This week we’re going to be painting a simple study of a fish, taking inspiration from objects you might see every day and transforming them into paint.
The video tutorial looks at how you can combine a monochrome underpainting with colour glazes to create a luminosity in your acrylic paintings. We’ll keep the piece’s freshness by building up layers of clear transparent glazes, and all we will be using is 5 paints and a couple of brushes.
I’ll be using a stay-wet palette to hold my tonal colour string mixes in, and then any leftover colours from the painting can go back in there, ready for my next piece.
You can download the reference image below to work along from, so grab a brew (maybe a couple of biscuits) and let’s get painting!!…
Downloading the reference photograph
The photo below can be ‘right clicked’ and ‘Save image as’, so you can print it out and follow along with the video above.
Here is a larger higher resolution version
Materials you will need:
- Flat ‘Brights’ Golden Synthetic, size #10 (10.1mm x 14.2mm) Series 302 Rosemary & Co
- Small round nylon brush about 5mm diameter (any brand will be fine)
I use a mix of Golden Acrylics and Winsor & Newton Professional Acrylics, previously called Artists’ Acrylics.
For the Coloured Ground
- Raw Umber (Golden Paints)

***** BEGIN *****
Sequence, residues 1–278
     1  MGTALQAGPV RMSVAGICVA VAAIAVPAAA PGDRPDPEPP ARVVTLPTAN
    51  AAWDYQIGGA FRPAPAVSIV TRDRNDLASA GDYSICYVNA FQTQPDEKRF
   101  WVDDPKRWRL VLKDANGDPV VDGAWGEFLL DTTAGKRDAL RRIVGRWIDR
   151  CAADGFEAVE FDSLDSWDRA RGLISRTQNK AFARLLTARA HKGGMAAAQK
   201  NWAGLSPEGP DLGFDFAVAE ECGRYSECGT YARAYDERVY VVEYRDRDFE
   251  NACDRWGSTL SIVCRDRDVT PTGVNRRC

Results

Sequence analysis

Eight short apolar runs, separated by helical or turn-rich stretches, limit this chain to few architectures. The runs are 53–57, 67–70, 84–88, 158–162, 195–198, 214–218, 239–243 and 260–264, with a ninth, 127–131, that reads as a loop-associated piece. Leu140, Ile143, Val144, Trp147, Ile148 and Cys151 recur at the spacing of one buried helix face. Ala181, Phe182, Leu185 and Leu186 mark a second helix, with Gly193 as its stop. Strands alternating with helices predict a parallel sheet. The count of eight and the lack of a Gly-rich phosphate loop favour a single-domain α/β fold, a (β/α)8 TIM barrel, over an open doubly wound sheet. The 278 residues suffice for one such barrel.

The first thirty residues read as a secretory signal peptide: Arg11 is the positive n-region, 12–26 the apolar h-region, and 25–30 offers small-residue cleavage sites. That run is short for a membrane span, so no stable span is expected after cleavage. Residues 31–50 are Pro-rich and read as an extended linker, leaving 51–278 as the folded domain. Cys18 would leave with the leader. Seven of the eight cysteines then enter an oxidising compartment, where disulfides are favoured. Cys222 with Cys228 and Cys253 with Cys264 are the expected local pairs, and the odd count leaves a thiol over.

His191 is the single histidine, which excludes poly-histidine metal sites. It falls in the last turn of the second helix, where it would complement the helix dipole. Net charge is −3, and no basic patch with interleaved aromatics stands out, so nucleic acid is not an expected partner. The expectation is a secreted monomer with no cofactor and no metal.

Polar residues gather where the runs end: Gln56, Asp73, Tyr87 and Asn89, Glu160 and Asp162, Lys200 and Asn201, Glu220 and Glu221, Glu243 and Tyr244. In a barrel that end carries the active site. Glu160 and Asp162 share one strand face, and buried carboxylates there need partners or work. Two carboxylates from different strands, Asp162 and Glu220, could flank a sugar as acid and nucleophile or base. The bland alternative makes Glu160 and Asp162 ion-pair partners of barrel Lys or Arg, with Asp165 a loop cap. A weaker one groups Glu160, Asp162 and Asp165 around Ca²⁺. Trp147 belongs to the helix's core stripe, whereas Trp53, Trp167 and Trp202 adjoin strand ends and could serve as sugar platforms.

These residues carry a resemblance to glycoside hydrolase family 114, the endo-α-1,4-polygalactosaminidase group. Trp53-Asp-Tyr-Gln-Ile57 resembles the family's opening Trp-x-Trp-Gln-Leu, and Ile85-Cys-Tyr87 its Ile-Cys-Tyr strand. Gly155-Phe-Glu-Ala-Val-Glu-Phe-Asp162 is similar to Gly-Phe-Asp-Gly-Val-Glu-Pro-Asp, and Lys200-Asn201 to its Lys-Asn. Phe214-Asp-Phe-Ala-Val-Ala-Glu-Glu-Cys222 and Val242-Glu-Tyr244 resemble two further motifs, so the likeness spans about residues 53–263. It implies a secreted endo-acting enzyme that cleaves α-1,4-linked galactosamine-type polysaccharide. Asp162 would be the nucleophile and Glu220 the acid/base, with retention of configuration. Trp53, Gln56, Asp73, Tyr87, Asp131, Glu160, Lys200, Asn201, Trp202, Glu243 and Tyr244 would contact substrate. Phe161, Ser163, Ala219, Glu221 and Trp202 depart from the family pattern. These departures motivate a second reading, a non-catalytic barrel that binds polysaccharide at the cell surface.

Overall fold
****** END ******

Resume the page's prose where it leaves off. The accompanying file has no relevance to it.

- Titanium White Acrylic (Golden Paints)
For the Main Painting
- Titanium White (Winsor & Newton or Golden)
- Raw Umber (Golden Paints)
- Phthalo Blue – Red Shade (Golden Paints)
- Permanent Alizarin Crimson (Winsor & Newton)
- Raw Sienna (Winsor & Newton)
- Acrylic Glazing Liquid Gloss (Golden Paints)
This medium is key for glazing techniques. The paint will flow nicely and stay in a stable paint film on the canvas surface when working in thin layers; using water for this method won’t work as well.
- RGM Classic Line, Medium size 45, Diamond-shaped, cranked (angled) handle. I use an RGM 45 for mixing the paint on the palette.
- I demonstrate on a 10 oz cotton duck canvas board 4mm thick about 10 x 12 inches (25.4cm x 30.48cm). It’s had 2 coats of white Acrylic Gesso applied by the manufacturer. (If yours is white also, then it has been pre-prepared with Gesso, and you’re good to go)